VANDENBERG AIR FORCE BASE — From weather forecasting to agricultural benefits, a new NASA mission launching this week will provide unprecedented detail, accuracy and coverage of soil moisture from space on a world-wide basis every three days for the next three years.
“Moist soil is far more interesting than you might have ever imagined,” said Sam Thurman, SMAP deputy project manager.
“Soil moisture is the bank account of water in the land,” added Dara Entekhabi, SMAP science definition team lead.
The $916 million Soil Moisture Active Passive (SMAP) mission is one piece of a larger program of Earth science projects in space to answer questions about how our planet works.
“SMAP will be joining our 18 operational missions that study the Earth’s systems. These issues that are addressed by this are climate change, things like sea level and fresh water resources. Our on-orbit satellites, along with air and ground observations, monitor the Earth’s vital signs,” said Christine Bonniksen, SMAP program executive with the Science Mission Directorate’s Earth Science Division at NASA Headquarters.
“I started out as a planetary science guy, which tended to have a spacecraft and large suite of instruments to go some place and do many different investigations in parallel, in part, because no one may go there again for 10-20-30 years.
“As I’ve come to learn in the Earth science program is that the Earth’s climate is particularly complex…It takes a multitude of missions, each capable of dedicated set of measurements, and then scientists build a more comprehensive picture of our planet,” said Thurman.
In the case of SMAP, the observatory’s focused science goal is mapping global soil moisture content in the top two inches of the ground and determine whether that moisture is liquid or frozen.
“We have the ability to do that on a global basis and with an accuracy that is roughly 10 times greater than what’s achievable with ground-based measurements today,” Thurman said.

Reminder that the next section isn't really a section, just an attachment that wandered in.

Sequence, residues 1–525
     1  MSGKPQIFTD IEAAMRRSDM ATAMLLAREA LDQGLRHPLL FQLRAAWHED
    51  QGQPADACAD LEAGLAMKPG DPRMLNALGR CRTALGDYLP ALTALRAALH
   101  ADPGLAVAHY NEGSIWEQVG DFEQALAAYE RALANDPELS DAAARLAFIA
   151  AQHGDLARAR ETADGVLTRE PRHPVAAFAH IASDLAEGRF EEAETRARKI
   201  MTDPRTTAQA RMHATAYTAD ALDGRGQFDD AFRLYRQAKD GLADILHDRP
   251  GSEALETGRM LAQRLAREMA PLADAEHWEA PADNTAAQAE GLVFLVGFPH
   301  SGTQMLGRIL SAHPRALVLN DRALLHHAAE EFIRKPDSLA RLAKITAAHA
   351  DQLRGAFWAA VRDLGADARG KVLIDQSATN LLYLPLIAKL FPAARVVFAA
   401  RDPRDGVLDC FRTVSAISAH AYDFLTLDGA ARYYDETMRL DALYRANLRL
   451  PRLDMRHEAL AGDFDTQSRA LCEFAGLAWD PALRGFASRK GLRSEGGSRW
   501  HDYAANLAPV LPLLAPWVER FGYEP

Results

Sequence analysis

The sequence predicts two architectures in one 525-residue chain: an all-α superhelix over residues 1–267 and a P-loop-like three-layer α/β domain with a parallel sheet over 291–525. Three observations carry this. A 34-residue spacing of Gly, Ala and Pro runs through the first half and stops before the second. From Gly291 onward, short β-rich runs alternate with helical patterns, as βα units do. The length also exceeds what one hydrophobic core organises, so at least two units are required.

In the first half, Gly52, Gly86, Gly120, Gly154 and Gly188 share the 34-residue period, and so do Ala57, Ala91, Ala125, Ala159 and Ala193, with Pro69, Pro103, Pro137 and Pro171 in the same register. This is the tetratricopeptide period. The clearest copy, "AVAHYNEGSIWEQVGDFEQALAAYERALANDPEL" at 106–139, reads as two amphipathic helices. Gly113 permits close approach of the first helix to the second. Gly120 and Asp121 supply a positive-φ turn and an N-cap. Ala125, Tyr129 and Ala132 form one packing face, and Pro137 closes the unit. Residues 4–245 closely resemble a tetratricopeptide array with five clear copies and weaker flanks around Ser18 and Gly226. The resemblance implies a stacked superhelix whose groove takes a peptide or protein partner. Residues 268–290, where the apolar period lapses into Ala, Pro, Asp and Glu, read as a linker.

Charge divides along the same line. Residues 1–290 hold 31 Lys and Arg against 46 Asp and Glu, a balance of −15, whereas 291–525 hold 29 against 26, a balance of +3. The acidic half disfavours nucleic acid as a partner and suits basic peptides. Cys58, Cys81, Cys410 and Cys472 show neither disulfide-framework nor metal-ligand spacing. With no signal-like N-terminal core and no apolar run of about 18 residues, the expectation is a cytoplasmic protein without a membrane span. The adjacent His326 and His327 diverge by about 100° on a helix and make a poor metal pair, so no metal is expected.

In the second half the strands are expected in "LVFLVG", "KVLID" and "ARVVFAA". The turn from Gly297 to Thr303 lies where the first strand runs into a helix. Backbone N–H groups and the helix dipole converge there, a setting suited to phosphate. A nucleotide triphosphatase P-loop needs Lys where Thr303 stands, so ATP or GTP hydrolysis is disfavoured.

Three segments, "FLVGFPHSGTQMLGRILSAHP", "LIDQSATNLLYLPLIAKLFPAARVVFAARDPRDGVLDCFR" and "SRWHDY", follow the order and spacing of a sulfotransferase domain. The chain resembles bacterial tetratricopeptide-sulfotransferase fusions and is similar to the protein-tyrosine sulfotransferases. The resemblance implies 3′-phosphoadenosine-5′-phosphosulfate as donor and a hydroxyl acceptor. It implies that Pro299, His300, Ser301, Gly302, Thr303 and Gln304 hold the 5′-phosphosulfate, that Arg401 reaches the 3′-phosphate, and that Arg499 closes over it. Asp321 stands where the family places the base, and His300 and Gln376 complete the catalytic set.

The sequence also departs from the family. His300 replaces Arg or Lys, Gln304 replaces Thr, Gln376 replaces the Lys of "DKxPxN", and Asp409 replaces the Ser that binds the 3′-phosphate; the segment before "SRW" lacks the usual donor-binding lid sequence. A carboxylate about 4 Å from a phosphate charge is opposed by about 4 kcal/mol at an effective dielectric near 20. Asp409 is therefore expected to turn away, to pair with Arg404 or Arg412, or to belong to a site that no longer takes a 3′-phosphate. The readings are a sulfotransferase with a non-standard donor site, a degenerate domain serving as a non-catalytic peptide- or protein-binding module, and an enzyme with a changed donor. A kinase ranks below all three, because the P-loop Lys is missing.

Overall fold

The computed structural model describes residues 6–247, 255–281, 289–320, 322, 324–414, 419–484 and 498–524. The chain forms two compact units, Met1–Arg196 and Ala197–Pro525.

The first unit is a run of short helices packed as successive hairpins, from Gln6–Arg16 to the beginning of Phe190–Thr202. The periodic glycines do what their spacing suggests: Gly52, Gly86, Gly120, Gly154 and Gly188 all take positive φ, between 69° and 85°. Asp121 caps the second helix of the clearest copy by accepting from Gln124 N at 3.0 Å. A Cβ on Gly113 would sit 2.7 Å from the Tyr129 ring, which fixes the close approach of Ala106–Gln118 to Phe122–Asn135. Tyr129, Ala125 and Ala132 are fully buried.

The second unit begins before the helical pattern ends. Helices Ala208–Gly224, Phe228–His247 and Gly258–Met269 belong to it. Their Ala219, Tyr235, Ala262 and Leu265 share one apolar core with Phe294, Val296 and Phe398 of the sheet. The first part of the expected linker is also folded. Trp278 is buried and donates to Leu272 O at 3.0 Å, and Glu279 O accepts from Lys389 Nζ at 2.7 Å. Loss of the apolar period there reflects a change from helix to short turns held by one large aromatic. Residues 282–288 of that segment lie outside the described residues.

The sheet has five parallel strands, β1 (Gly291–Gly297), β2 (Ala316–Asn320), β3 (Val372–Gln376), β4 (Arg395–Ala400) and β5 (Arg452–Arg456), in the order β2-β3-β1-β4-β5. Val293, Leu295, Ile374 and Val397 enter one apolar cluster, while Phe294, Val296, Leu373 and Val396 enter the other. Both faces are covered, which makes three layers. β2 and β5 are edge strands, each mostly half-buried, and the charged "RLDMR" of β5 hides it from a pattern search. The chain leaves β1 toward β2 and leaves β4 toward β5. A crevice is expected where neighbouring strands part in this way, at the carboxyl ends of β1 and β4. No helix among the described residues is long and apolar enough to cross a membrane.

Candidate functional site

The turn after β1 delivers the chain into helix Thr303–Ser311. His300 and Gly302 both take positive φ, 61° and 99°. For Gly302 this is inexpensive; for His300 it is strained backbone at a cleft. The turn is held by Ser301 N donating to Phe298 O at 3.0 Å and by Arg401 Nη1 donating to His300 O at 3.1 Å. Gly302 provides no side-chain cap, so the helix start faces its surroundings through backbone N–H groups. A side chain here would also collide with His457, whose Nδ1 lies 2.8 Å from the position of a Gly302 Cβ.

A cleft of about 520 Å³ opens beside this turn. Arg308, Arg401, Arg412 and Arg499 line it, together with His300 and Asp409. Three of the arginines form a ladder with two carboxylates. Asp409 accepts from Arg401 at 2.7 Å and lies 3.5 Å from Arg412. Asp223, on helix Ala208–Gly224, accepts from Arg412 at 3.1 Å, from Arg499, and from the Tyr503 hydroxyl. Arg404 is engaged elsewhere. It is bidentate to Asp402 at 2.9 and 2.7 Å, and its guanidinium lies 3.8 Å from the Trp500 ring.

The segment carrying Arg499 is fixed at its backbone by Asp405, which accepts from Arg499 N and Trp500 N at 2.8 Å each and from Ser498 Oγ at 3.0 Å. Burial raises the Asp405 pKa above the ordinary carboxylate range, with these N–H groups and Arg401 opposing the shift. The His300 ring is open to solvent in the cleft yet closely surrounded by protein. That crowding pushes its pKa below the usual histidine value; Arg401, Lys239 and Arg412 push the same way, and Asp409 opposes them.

Liftoff is scheduled for the precise moment of 6:20:42 a.m. local time (9:20:42 a.m. EST; 1420:42 GMT) at the opening of a three-minute window on Thursday.
A United Launch Alliance Delta 2 rocket will serve as the launch vehicle to deliver SMAP into space. The Delta 2, making its 153rd launching, will fly in a configuration with two stages, three strap-on solid-fuel boosters and a 10-foot composite payload shroud.
“The ULA team is proud to be the launch provider for NASA’s Soil Moisture Active Passive (SMAP) mission,” said Jim Sponnick, vice president of Atlas and Delta Programs.
“One of four first-tier missions recommended by the National Research Council’s Committee on Earth Science and Applications from Space, SMAP will provide global, high- resolution mapping of soil moisture and its freeze/thaw state to link terrestrial water, energy, and carbon-cycle processes, and to extend capabilities of weather and climate prediction models.”
It will take 57 minutes and two firings by the upper stage to place SMAP into its preliminary orbit of 411 by 425 miles tilted 98.1 degrees to the equator.
Also sharing the ride to orbit will be four cubesats as part of NASA’s Educational Launch of Nanosatellites 10 (Elana 10) mission.
* ExoCube, a space weather satellite developed by California Polytechnic State University, San Luis Obispo, and sponsored by the National Science Foundation.
* The GEO-CAPE ROIC In-Flight Performance Experiment (GRIFEX), is a technology validation mission developed by the University of Michigan’s Michigan Exploration Laboratory in partnership with NASA’s Earth Science Technology Office and NASA’s Jet Propulsion Laboratory.
* Focused Investigations of Relativistic Electron Burst Intensity, Range, and Dynamics II (FIREBIRD-II A and B), another space weather project, was developed by the University of New Hampshire, Montana State University, Los Alamos National Laboratory and the Aerospace Corporation.
The upper stage will deploy SMAP, then perform an engine burn that lowers the orbital altitude before systematically ejecting the cubesats one hour and 45-48 minutes after launch.
The upper stage then executes one further burn to deorbit the spent rocket body into the South Pacific.
The SMAP spacecraft, orbiting at a final science altitude of 426 miles (685 km), will see through moderate vegetation, like a mature Iowa corn field, operating in daylight or darkness, to provide high-resolution maps of moisture in the soil and the state of the ground — either frozen or thawed — to give weather forecasters a better base for computer forecasting models.
Government and commercial users of the data will feed the information into weather forecasting, climate modeling, drought, landslide and flood predictions, agricultural productivity, crop yields and growing season durations, and human health issues.
“We’ll return over 130 gigabytes of data every day. So if you think of a typical Netflix movie as 2-3 gigabytes, we’re doing 50 Netflix movies a day,” said Thurman.
SMAP is fitted with an active synthetic aperture radar and passive radiometer. It stands 16 feet tall at launch, then blossoms to 32 feet once deployed in orbit. The weight at launch is 2,081 pounds.